The Jesus fulfilled over 100 prophecies from the Old Testament. Here are a few:

Prophecy about his birth and lineage:
“But as for you, Bethlehem Ephrathah,
Too little to be among the clans of Judah,
From you One will go forth for Me to be ruler in Israel.
His goings forth are from long ago,
From the days of eternity.” —Micah 5:2

“For it is evident that our Lord was descended from Judah…” (Hebrews 7:14).

Prophecy about Jesus’ ministry:
“Then the eyes of the blind will be opened And the ears of the deaf will be unstopped” (Isaiah 35:5).

“The BLIND RECEIVE SIGHT and the lame walk, the lepers are cleansed and the deaf hear, the dead are raised up, and the POOR HAVE THE GOSPEL PREACHED TO THEM” (Matthew 11:5).

Prophecy about his death:
“They divide my garments among them, And for my clothing they cast lots” (Psalm 22:18).

“Then the soldiers, when they had crucified Jesus, took His outer garments and made four parts, a part to every soldier and also the tunic; now the tunic was seamless, woven in one piece. So they said to one another, “Let us not tear it, but cast lots for it, to decide whose it shall be”; this was to fulfill the Scripture: “THEY DIVIDED MY OUTER GARMENTS AMONG THEM, AND FOR MY CLOTHING THEY CAST LOTS.” —John 19:23-24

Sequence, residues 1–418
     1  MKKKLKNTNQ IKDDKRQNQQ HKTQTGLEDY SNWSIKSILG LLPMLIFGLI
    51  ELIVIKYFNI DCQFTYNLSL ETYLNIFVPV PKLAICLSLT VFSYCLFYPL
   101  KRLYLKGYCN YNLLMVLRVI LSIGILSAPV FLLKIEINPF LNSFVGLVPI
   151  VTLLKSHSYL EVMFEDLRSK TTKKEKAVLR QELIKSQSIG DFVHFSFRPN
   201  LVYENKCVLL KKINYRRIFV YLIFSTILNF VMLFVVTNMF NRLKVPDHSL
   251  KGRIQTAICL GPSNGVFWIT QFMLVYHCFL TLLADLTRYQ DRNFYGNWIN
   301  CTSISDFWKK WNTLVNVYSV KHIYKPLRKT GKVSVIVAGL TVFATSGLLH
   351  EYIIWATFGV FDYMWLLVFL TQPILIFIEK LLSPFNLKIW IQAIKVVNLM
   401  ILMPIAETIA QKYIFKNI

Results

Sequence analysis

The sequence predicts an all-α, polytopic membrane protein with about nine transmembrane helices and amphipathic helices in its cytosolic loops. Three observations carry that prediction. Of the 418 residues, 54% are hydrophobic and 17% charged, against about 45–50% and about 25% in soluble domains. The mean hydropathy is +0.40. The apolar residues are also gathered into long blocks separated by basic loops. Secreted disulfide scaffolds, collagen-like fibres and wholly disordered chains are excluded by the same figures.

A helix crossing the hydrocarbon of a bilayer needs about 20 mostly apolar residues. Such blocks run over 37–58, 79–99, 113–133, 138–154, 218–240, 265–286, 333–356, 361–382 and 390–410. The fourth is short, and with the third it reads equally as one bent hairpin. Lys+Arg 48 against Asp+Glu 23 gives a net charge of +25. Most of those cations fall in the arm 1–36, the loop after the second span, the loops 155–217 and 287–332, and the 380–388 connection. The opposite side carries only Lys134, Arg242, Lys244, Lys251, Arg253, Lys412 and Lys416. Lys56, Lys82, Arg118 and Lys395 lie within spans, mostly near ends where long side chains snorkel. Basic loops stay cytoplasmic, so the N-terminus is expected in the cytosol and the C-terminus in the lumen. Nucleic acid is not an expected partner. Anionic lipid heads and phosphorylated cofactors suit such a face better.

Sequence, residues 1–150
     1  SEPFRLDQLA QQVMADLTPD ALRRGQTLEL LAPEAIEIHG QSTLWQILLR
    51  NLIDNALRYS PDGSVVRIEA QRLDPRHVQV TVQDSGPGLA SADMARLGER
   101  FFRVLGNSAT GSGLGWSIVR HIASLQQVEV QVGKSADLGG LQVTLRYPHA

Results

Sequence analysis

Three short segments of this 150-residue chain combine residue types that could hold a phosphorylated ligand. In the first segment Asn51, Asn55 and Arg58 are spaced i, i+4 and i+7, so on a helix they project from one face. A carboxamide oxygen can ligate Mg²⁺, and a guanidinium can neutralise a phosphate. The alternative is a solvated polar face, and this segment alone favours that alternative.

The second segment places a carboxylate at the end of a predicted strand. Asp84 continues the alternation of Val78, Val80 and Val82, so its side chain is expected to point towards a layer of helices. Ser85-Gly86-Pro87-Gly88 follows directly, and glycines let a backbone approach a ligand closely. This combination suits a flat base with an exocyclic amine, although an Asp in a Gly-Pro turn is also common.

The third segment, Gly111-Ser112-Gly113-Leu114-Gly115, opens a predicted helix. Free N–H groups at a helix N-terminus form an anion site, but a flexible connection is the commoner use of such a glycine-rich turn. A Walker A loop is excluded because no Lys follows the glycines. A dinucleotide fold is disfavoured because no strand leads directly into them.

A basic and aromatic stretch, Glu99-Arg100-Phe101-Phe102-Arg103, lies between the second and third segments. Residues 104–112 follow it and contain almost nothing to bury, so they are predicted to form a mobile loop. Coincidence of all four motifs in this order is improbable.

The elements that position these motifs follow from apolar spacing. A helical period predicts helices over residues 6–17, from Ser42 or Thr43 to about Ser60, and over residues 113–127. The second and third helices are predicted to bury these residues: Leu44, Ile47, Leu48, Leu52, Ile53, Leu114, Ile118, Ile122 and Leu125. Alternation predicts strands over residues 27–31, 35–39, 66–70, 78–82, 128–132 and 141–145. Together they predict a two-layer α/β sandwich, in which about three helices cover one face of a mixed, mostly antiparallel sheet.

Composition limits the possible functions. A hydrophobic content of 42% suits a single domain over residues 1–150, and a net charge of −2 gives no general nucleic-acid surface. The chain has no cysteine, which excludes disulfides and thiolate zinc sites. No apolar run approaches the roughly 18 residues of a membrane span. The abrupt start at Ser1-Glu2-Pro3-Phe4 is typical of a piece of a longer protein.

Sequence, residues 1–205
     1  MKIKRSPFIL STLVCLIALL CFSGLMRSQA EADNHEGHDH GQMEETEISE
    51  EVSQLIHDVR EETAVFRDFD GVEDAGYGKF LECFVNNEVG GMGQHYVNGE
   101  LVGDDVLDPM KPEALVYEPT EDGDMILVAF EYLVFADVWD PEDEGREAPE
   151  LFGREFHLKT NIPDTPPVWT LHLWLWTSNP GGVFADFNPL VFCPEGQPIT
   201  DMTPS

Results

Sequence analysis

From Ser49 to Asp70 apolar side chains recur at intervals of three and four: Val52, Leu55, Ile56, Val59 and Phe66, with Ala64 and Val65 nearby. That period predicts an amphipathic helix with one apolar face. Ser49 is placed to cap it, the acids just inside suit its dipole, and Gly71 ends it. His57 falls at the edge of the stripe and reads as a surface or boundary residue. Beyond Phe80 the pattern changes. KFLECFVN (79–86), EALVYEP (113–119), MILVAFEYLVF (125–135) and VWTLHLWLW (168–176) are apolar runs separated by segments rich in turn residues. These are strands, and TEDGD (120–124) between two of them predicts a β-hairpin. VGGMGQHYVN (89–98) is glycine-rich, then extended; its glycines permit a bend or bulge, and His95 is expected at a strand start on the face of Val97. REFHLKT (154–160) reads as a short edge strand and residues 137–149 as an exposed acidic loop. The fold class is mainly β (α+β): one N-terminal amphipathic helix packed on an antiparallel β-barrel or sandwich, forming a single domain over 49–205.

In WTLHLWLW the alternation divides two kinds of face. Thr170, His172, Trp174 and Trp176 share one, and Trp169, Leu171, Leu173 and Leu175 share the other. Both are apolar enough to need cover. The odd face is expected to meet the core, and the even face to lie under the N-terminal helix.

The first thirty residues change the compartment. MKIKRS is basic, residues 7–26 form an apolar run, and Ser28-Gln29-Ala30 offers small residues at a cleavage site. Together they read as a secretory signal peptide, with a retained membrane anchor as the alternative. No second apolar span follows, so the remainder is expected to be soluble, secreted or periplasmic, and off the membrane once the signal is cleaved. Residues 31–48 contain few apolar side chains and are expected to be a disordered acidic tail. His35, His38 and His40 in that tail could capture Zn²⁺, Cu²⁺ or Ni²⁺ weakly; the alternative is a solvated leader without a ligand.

Prophecy about his resurrection:
“For You will not abandon my soul to Sheol; Nor will You allow Your Holy One to undergo decay” (Psalm 16:10).

“He is not here, but He has risen. Remember how He spoke to you while He was still in Galilee” (Luke 24:).

The New Testament also has some prophecies, most of which haven’t yet been fulfilled, but Jesus’ prophecy of the destruction of the temple (see Luke 19:43-45) came to pass in AD 70 when the Roman army led by Titus laid siege to Jerusalem.

3. Unity

Some people look at the diverse elements that comprise the Old and New Testaments and view them as an eclectic collection of ancient Jewish writings. The authors came from all levels of society: kings, scholars, peasants, and fishermen over a period of 60 generations. They lived in Asia, Africa, or Europe.